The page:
If you’re a sensory seeker, or you have one at home, you know you’re supposed to be incorporating heavy work into your routine every day. But what if you’re struggling to come up with engaging heavy work ideas for sensory seekers? Let me help!
Heavy work is not actually “work,” but rather a term used to refer to any activity that creates a push or pull against your body. It can help you recognize where your body is in space, and regulate how much effort your muscles put into each task. The most effective heavy work activates as many muscles and joints as possible at the same time, for a short period of time.
Heavy work is recommended by many occupational therapists for its calming effect on the nervous system, especially for people who are sensory seekers, or who feel like they have trouble getting the heavy pressure on their muscles they need.
So, we understand that heavy work is an important part of the routine for a lot of people with autism, ADHD, or sensory processing integration issues. But sometimes, it’s easy to become too overwhelmed to think of heavy work ideas for sensory seekers, like yourself or your kids.
That’s why I’ve made this list of 21 heavy work ideas for sensory seekers for you! There are plenty of opportunities right in your home, or your yard!
21 Heavy Work Ideas for Sensory Seekers
Help in the house!
Housework is a great way to get chores and heavy work in at the same time. My kids love to sweep, wipe down the windows with a spray bottle, and help with meal prep.
1. Vacuum or sweep the floors – This is a great way to incorporate pushing and pulling movements. Some kids find sweeping kind of stimmy, too!
2. Help to move furniture when cleaning the floors – Pushing heavy objects really calms those bigger muscles. Just teach your kids how to push safely!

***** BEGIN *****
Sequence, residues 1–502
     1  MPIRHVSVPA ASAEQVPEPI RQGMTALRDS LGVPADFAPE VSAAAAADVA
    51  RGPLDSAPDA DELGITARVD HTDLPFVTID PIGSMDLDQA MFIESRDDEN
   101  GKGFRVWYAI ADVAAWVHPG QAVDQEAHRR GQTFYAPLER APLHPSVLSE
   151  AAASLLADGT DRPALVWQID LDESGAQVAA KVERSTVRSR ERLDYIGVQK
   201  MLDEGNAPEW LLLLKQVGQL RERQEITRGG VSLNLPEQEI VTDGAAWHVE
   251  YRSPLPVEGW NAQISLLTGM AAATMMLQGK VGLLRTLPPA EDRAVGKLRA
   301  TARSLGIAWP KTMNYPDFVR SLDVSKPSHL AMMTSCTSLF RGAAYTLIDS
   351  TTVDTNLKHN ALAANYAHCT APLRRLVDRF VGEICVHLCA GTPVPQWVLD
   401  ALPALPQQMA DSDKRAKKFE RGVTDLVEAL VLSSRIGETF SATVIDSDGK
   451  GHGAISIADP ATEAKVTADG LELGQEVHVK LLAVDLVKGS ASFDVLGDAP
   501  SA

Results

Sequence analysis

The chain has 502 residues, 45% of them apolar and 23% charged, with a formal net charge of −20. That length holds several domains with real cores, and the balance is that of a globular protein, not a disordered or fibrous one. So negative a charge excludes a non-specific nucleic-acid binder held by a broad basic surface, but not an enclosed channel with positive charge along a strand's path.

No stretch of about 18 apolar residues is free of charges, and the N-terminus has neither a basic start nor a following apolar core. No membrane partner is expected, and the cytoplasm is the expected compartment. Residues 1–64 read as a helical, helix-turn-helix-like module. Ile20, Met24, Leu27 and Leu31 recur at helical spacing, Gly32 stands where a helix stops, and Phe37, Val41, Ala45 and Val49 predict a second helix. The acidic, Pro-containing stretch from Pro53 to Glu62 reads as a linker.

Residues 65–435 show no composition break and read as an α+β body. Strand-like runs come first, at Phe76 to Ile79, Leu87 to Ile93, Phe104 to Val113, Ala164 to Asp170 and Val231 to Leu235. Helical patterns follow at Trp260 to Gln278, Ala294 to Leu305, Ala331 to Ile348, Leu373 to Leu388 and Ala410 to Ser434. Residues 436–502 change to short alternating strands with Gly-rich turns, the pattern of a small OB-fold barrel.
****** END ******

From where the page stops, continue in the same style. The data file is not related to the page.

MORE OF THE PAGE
3. Clean the windows – Another pushing activity, a good arm workout, and fun with a spray bottle! Use vinegar cut with water for a child-safe window and mirror spray.
4. Carry the laundry (especially up stairs) – My daughter loves dragging the hamper down from her room to the laundry room in the basement. It engages all her major muscle groups, makes her feel like she’s contributing to the household, and improves her balance too.
5. Knead bread or pizza dough – We make a lot of our own bread, and kneading gives the kids some pushing and pulling, plus a fun sensory experience. Even if you don’t usually make your own bread dough, you should try it out – it’s easy, fun, and one of my favorite heavy work ideas for sensory seekers.
6. Wash down counters and tables – Water play, but practical! This is pushing, pulling, and sensory play in one.
7. Bring in packages and the mail – Once again, make sure you know how to lift properly, but carrying packages is good input for your arms and legs.
8. Dust shelves, counters, and furniture – Okay, I admit it, I hate dusting, and I’m happy to pass it on to my kids under the guide of heavy work. But it does engage a lot of muscle groups as you pick up an object, dust under it, put it back down, and repeat. Moving furniture to dust around it adds even more weight.